National Eating Disorders Association
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Understanding Eating Disorders

In the world of public health prevention, we have an idea called “strategic science.” Basically, the idea is that when we set out to design a new study, we ought to be thinking about how the study findings could be used by policymakers and communities to make change happen to benefit people – real people, like you or your children, your friends and neighbors, or the people in a neighborhood across town. It’s a simple idea, but it demands a pretty radical departure from the more typical way that study ideas get out of the gate.

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One of the most common questions I’ve received as both a clinician and an eating disorder survivor is how to know whether someone truly has an eating disorder. In this day and age, when food fads and diets come and go quickly and people so regularly, casually discuss the manner in which they “eat their feelings” as a means of coping, it can be hard to discern when one’s eating practices morph from disordered eating into an eating disorder.

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Binge eating disorder (BED) is the most common, but least understood, eating disorder in the United States. Intuitive eating and Health at Every Size® may be helpful tools for those in recovery, but public understanding of these concepts is limited. 

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This blog post was sponsored by Monte Nido (Clementine).

I can recall first wanting to become a physician when my mother would take me to the pediatrician’s office when I was feeling sick as a child. Oftentimes, my doctor would sit next to me and calmly explain what he felt was going on and all the options for treatment that were available.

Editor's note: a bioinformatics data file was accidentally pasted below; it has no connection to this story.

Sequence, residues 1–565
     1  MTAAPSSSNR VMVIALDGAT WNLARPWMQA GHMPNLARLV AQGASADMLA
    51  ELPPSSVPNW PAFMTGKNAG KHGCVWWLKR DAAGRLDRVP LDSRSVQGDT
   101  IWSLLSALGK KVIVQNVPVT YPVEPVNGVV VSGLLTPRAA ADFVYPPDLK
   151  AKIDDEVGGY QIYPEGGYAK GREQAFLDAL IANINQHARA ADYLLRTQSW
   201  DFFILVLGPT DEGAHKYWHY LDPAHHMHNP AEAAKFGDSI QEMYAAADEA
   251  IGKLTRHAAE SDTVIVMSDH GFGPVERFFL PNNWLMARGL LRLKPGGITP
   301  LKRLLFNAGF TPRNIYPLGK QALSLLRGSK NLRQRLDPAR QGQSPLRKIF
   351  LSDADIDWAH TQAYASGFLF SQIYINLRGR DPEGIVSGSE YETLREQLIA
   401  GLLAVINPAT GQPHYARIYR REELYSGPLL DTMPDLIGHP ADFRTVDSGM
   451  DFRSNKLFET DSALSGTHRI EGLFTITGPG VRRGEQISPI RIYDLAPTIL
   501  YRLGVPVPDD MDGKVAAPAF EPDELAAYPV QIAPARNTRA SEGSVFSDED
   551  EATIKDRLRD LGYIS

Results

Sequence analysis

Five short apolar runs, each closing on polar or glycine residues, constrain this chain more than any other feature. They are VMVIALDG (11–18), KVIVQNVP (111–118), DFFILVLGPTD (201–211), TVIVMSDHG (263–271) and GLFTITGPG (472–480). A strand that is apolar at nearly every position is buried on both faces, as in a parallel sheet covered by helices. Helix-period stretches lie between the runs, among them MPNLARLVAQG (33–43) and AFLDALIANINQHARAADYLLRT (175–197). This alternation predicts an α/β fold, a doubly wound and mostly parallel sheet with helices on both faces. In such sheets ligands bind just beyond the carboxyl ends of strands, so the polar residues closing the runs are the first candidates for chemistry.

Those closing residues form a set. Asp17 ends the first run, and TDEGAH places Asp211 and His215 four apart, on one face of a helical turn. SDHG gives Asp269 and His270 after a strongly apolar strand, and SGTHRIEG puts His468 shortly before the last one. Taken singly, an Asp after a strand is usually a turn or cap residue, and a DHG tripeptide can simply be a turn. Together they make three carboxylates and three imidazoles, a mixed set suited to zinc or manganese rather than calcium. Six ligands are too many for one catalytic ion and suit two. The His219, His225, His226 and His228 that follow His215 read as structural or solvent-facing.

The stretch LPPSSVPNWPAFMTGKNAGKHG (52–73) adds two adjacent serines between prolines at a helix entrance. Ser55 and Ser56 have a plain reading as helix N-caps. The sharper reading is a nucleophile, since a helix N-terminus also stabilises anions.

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There is nothing quite like the sound of a cracking twig under a boot. Perhaps, a close second is the breeze in the canopy above, feeling the forest all around. Though, the best feeling of all, for me, is the sun on my face after embarking on a fun and joyful adventure.

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I was first diagnosed with anorexia nervosa when I was 12 years old. It was 1996, and I had never heard of the term in my life, as eating disorders were not discussed anywhere near as often as they are now, and it was before the explosion of the internet, social media, etc. When the doctor told me I had anorexia, I had to ask what it was – I thought it was cancer or something!

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While autistic self-advocates have created significant change, stigma and misinformation around autism and eating disorders still exist. With that in mind, the National Eating Disorders Association hosted an Autism Acceptance Month #NEDAchat, which explored common misconceptions about autism, barriers to treatment for eating disorders, and how those in the field can best serve those in the autistic community. 

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Our family has a son with an eating disorder. He’s had it since the age of three, and his condition has not really changed. We found out by accident that he had a food allergy to peanuts (and tree nuts), which happened even earlier than the eating disorder. Certainly, having a food allergy makes the cautiousness around foods - especially "new foods" - even more present. 

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Many people don’t realize that living as a disabled person can be especially difficult, not because of the disability itself, but because abled individuals discriminate against us. Although I often like to forget I have cerebral palsy and live life like any other person, abled people have tried to place limitations on me due to my disability.

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“Monthly Matters with Melody” is a monthly advice column by Dr. Melody Moore, a clinical psychologist, yoga instructor and the founder of the Embody Love Movement Foundation. Her foundation is a non-profit whose mission is to empower girls and women to celebrate their inner beauty, commit to kindness and contribute to meaningful change in the world. Dr. Moore is a social entrepreneur who trains facilitators on how to teach programs to prevent negative body image and remind girls and women of their inherent worth.

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